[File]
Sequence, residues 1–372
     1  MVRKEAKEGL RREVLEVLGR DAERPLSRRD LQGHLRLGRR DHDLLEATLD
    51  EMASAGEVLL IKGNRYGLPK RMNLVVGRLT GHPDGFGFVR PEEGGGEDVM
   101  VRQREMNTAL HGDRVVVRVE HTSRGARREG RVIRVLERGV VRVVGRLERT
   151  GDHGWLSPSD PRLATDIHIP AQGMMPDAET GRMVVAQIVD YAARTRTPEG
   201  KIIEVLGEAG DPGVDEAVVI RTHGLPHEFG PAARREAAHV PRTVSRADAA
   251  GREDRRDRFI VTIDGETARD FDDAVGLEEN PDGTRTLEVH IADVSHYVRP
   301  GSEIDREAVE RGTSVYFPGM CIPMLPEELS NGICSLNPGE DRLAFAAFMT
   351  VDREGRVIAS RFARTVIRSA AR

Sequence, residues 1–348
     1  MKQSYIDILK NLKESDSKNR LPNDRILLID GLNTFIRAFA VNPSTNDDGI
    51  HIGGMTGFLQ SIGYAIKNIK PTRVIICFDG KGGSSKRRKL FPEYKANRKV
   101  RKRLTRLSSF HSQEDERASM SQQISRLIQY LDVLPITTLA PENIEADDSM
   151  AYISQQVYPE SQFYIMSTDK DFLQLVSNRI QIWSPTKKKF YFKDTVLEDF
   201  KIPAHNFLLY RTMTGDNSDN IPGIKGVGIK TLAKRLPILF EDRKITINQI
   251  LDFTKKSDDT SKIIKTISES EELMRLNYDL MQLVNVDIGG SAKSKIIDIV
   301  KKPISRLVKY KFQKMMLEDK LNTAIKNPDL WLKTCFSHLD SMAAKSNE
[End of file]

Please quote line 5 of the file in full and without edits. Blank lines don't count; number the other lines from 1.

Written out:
   151  GDHGWLSPSD PRLATDIHIP AQGMMPDAET GRMVVAQIVD YAARTRTPEG